# Linear Algebra using numpy – Vectors

In this post we explore some common linear algebra functions and their application in pure python and numpy

Python lists are not vectors, they cannot be manipulated element-wise by default

In python we have to define our own functions for manipulating lists as vectors, and this is compared to the same operations when using numpy arrays as one-liners

In [1]:
python_list_1 = [40, 50, 60]
python_list_2 = [10, 20, 30]
python_list_3 = [35, 5, 40]

# Vector addition would result in [50, 70, 90]
# What addition between two lists returns is a concatenated list


Out[1]:
[40, 50, 60, 10, 20, 30]

In [2]:
def add_vectors(v, w):
return [vi + wi for vi, wi in zip(v, w)]

def sum_of_all_vectors(vecs):

In [3]:
add_vectors(python_list_1, python_list_2)

Out[3]:
[50, 70, 90]
In [4]:
sum_of_all_vectors([python_list_1, python_list_2, python_list_3])

Out[4]:
[85, 75, 130]

But, of course, in numpy, this comes for free using the + operator on our numpy arrays or using sum

In [5]:
import numpy as np
numpy_array_1 = np.array([40, 50, 60])
numpy_array_2 = np.array([10, 20, 30])
numpy_array_3 = np.array([35, 5, 40])

numpy_array_1 + numpy_array_2

Out[5]:
array([50, 70, 90])
In [6]:
sum([numpy_array_1, numpy_array_2, numpy_array_3])

Out[6]:
array([ 85,  75, 130])

### Vector Subtraction

In [7]:
def subtract_vectors(v, w):
return [vi - wi for vi, wi in zip(v, w)]

In [8]:
# [40 - 35, 50 - 5, 60 - 40]
subtract_vectors(python_list_1, python_list_3)

Out[8]:
[5, 45, 20]
In [9]:
numpy_array_1 - numpy_array_3

Out[9]:
array([ 5, 45, 20])

### Scalar Multiplication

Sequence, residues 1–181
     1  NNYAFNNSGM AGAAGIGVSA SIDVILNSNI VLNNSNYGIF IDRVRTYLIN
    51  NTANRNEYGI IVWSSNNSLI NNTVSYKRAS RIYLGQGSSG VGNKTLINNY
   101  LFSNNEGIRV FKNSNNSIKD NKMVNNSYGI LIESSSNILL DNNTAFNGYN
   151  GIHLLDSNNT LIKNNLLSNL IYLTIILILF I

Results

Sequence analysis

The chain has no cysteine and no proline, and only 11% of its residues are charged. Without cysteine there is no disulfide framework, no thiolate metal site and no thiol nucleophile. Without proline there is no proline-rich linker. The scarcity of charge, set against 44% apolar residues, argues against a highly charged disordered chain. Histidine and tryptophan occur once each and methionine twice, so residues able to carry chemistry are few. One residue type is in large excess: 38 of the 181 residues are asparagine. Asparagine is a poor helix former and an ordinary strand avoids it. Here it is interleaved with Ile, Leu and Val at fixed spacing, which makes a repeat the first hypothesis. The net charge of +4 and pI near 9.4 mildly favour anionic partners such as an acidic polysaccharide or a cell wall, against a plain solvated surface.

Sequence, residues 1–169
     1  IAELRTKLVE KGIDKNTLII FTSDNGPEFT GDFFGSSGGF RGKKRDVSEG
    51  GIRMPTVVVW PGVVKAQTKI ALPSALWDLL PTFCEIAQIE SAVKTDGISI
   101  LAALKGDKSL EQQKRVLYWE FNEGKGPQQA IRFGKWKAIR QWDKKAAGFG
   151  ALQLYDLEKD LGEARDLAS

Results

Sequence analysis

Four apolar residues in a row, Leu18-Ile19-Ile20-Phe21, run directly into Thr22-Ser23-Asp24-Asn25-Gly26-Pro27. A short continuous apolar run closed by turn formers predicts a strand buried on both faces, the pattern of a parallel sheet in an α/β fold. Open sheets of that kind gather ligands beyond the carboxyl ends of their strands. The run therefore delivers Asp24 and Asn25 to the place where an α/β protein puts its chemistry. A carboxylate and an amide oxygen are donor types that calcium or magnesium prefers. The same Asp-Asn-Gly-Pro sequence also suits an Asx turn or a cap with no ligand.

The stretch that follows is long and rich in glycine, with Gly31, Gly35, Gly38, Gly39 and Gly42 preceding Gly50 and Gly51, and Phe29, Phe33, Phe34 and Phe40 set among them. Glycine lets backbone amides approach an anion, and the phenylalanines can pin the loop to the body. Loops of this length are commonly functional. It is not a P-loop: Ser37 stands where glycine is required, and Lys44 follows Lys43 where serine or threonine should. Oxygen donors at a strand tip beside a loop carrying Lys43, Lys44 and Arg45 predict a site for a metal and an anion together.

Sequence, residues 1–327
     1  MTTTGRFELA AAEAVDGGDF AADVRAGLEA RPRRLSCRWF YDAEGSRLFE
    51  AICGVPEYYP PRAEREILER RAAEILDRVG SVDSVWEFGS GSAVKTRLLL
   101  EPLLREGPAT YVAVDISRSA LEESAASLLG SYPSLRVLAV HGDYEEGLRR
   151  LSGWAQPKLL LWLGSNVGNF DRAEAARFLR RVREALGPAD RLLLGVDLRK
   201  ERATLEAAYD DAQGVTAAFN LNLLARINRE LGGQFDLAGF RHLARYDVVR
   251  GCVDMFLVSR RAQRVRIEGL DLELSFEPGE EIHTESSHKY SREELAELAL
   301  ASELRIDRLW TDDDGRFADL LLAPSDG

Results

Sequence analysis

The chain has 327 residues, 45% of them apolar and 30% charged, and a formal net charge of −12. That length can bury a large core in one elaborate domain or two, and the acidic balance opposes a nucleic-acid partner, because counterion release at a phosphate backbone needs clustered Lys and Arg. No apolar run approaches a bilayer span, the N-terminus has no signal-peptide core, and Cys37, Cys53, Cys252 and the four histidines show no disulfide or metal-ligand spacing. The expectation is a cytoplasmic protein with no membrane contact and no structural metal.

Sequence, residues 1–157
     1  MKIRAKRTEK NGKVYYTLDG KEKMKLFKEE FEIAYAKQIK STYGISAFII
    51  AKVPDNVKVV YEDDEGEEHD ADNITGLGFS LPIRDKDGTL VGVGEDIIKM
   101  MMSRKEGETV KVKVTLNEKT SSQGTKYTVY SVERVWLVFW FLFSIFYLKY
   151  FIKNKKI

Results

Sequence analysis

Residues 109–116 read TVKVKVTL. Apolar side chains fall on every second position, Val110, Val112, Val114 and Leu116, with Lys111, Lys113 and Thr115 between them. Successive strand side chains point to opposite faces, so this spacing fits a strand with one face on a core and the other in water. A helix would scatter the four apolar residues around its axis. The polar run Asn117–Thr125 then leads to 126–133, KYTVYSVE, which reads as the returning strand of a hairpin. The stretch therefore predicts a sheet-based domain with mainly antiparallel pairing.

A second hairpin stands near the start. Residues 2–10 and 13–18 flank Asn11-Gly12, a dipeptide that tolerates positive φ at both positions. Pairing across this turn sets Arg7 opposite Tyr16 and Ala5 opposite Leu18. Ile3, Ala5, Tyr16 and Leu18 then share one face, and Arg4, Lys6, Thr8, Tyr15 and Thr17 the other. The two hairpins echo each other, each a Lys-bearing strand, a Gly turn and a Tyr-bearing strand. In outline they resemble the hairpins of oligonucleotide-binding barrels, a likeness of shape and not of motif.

In [10]:
def scalar_multiply(c, v):
return [c * vi for vi in v]

In [11]:
scalar_multiply(10, python_list_1)

Out[11]:
[400, 500, 600]
In [12]:
numpy_array_1 * 10

Out[12]:
array([400, 500, 600])

### Vector Mean

In [13]:
def vector_mean(vecs):
n = len(vecs)
return scalar_multiply(1/float(n), sum_of_all_vectors(vecs))

In [14]:
vector_mean([python_list_1, python_list_2, python_list_3])

Out[14]:
[28.333333333333332, 25.0, 43.33333333333333]
In [15]:
np.mean([numpy_array_1, numpy_array_2, numpy_array_3], axis=0)

Out[15]:
array([ 28.33333333,  25.        ,  43.33333333])

### Dot Product

In [16]:
def dot_product(v, w):
"""v1 * w1 + .. + vn * wn"""
return sum(vi * wi for vi, wi in zip(v, w))

In [17]:
dot_product(python_list_1, python_list_2)

Out[17]:
3200
In [18]:
sum(numpy_array_1 * numpy_array_2)

Out[18]:
3200

### Sum of Squares

In [19]:
def sum_of_squares(v):
""" v1 * v1 + v2 * v2 ... + vn * vn"""
# or return dot_product(v, v)
return sum(vi ** 2 for vi in v)

In [20]:
sum_of_squares(python_list_1)

Out[20]:
7700
In [21]:
sum(numpy_array_1 ** 2)

Out[21]:
7700

### Magnitude

In [22]:
import math

def magnitude(v):
return math.sqrt(sum_of_squares(v))

In [23]:
magnitude(python_list_1)

Out[23]:
87.74964387392122
In [24]:
(sum(numpy_array_1 ** 2)) ** 0.5

Out[24]:
87.749643873921215

### Distance between two vectors

In [25]:
# sqrt((v1 - w1) **2 + ... + (vn - wn) ** 2)

In [26]:
def distance(v, w):
return magnitude(subtract_vectors(v, w))

In [27]:
distance(python_list_1, python_list_2)

Out[27]:
51.96152422706632
In [28]:
(sum((numpy_array_1 - numpy_array_2) ** 2)) ** 0.5

Out[28]:
51.96152422706632